Various known well seals comprise plural metal plates between which a circular rubber seal is disposed, with means for clamping the plates very tightly together to radially expand the rubber seal, whereby the rubber seal is pressed tightly against the inside or the outside of the well casing. To insure that the rubber seal is adequately compressed around its entire periphery so as to form a watertight seal, the prior seals use a number of bolts spaced around the seal, each of which must be tightened with substantial force. Several important disadvantages of prior seals stem from their use of a plurality of bolts, or plurality of bolts and nuts. The bolts and nuts frequently must be installed under adverse climatic conditions. If bolts or nuts are accidentally dropped they are frequently lost in mud, snow or the like at a well site. Also, the drive shoe of a well-drilling rig often provides a hole in the earth exceeding the outer diameter of the well casing, leaving a space surrounding the casing in which bolts and nuts may be irretrievably lost should they be accidentally dropped therein. One object of the present invention is to provide an improved seal assembly of a "single-piece" nature, i.e. which does not require the tightening and loosening of a plurality of bolts and or nuts to install or remove the assembly. By provision of a single bolt means, the present invention allows a seal assembly to be installed or removed much more rapidly than prior assemblies, thereby providing a significant savings in labor costs.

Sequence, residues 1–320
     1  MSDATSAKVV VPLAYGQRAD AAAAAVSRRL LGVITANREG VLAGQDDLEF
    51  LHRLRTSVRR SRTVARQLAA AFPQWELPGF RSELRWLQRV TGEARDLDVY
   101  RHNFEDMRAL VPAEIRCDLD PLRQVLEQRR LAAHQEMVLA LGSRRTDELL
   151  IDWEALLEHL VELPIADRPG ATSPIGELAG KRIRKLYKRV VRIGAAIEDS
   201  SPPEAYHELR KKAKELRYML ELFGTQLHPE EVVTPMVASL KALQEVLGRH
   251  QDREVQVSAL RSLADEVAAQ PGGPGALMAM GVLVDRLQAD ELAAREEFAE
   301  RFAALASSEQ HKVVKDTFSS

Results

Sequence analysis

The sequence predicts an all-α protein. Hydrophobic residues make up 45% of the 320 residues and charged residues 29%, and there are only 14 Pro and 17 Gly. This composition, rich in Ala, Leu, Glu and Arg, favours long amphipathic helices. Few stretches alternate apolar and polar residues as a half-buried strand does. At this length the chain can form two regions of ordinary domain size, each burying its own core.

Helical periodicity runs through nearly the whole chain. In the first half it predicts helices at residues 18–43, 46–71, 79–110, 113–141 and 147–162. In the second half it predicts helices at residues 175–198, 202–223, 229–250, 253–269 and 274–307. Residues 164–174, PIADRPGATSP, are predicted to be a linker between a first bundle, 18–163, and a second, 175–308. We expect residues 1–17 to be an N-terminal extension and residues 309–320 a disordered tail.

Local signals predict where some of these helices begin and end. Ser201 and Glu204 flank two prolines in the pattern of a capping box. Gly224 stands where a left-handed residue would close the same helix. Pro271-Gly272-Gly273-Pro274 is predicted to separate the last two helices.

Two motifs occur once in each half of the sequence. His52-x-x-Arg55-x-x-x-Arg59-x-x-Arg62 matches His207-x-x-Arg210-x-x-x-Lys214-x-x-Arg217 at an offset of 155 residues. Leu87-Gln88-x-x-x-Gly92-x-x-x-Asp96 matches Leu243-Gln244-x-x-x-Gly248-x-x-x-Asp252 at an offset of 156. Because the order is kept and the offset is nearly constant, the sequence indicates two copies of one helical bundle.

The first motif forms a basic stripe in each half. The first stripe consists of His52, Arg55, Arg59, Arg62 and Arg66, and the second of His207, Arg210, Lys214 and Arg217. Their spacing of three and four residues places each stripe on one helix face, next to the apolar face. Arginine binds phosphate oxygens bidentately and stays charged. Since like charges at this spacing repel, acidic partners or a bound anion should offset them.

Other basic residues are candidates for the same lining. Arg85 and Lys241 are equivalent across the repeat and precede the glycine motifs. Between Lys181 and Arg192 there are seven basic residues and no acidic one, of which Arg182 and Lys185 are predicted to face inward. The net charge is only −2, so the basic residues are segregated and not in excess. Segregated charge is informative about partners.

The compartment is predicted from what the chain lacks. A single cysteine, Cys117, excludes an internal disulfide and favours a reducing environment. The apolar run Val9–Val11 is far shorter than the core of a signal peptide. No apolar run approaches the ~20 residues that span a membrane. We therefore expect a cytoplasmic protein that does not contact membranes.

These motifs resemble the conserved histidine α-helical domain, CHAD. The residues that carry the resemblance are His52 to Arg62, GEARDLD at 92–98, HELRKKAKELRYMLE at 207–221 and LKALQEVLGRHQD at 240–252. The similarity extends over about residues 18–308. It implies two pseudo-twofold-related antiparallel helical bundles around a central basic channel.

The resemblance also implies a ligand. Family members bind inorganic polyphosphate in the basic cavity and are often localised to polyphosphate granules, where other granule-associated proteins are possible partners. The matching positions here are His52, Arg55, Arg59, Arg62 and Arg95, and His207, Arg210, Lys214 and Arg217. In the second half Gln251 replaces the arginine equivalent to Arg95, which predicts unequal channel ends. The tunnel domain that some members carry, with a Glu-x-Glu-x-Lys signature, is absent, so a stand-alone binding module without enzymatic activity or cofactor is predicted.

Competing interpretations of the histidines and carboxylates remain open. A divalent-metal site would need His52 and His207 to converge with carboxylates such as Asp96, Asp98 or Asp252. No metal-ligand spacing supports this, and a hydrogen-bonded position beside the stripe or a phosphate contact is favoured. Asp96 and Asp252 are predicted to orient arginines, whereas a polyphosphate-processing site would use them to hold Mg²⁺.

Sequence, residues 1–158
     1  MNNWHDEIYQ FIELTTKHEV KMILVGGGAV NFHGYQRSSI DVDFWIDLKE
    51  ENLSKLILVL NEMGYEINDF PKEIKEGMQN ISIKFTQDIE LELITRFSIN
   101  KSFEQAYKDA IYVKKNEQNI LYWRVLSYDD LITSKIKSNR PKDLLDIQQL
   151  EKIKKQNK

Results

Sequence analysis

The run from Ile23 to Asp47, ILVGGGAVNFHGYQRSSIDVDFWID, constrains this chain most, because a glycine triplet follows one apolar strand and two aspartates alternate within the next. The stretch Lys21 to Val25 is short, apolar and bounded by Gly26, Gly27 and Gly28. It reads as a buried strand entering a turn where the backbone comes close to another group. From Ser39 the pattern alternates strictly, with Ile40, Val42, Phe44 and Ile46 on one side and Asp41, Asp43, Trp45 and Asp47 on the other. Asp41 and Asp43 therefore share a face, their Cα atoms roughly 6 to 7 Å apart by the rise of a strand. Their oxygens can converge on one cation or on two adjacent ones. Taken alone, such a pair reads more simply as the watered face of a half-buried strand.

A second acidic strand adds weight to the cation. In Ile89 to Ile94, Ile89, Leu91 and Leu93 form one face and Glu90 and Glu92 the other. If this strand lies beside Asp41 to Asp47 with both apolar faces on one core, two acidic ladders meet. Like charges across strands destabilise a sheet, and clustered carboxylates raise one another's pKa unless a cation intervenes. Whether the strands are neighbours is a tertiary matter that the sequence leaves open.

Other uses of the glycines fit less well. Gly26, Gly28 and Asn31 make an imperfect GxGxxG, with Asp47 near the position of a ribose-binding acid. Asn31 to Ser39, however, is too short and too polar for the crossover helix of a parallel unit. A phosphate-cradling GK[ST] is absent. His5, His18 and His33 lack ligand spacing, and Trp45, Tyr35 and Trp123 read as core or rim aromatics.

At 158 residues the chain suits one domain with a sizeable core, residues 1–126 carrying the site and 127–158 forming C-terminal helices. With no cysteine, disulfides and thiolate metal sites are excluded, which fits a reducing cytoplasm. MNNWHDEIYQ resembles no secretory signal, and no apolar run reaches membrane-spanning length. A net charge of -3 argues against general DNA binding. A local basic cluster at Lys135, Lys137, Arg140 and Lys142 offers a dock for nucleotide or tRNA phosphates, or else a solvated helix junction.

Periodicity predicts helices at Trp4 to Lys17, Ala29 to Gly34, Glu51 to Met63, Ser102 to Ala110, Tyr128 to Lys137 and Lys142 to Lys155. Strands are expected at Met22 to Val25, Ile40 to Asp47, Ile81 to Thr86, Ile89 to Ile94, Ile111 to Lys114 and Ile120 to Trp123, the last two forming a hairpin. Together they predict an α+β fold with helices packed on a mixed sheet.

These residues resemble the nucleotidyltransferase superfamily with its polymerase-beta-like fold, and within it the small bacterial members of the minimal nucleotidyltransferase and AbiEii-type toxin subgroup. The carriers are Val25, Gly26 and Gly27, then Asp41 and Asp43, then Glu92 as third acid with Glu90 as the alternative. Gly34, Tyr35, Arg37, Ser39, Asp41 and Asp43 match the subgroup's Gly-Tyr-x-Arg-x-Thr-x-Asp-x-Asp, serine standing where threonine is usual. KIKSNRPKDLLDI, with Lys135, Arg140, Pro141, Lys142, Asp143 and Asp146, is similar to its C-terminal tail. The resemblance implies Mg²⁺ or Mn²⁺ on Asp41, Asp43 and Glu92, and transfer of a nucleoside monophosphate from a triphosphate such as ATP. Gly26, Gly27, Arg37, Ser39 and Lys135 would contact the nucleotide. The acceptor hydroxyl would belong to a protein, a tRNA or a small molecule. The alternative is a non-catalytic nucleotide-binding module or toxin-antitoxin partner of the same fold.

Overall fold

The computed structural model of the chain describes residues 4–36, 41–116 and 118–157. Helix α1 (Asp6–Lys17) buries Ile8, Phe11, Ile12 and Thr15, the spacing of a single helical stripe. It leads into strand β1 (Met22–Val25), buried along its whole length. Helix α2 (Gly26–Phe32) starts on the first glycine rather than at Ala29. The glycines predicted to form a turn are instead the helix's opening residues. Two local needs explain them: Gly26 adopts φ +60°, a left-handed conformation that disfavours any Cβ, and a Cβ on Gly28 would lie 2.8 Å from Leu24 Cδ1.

As well as being lost during installation, well seal assemblies which utilize numerous bolts and nuts are disadvantageous because such parts are sometimes lost or mis-placed between the factory and the well site. One object of the invention is to provide a well seal assembly which may be completely assembled at the factory, and which then need not later be disassembled to allow its installation atop a well casing.

Prior art seal assemblies which use a plurality of bolts and/or nuts spaced around the seal are also disadvantageous in that their threads sometimes become jammed or may be inadvertently stripped, sometimes ruining a seal assembly unless it is re-bored and re-tapped with a larger threaded hole, or sometimes requiring that spare bolts or nuts be obtained. Another object of the invention is to provide an improved seal assembly which obviates such problems. The bolts of prior seal devices which squeeze a circular rubber ring between metal plates must be tightened with amounts of force which are unnecessarily great, which tends to lead to stripping of threads or the breaking of bolts, and the excessive forces do not efficiently provide an increase in sealing effectiveness. Another object of the invention is to provide an improved seal assembly which provides more effective sealing, and does not without a need to apply excessive forces to any of its parts.

A further disadvantage of seals using plural bolts and nuts spaced around the seal is that they must be tightened evenly, i.e. by tightening a given bolt only partially and then proceeding to similarly tighten each of the other bolts before further tightening the given bolt, or else the seal assemblies, which frequently are made of cast iron, may fracture. Another disadvantage is that provision of plural independent bolts may cause the seal to grip tightly at some places around its periphery, but to grip much less tightly at other places, so that leaks may occur. An additional object of the invention is to provide an improved well seal assembly which does not require sequential tightening of a plurality of bolts and/or nuts, and a further object of the invention is to provide an improved well seal assembly which automatically expands a seal ring evenly around its entire periphery as a single bolt-means is tightened.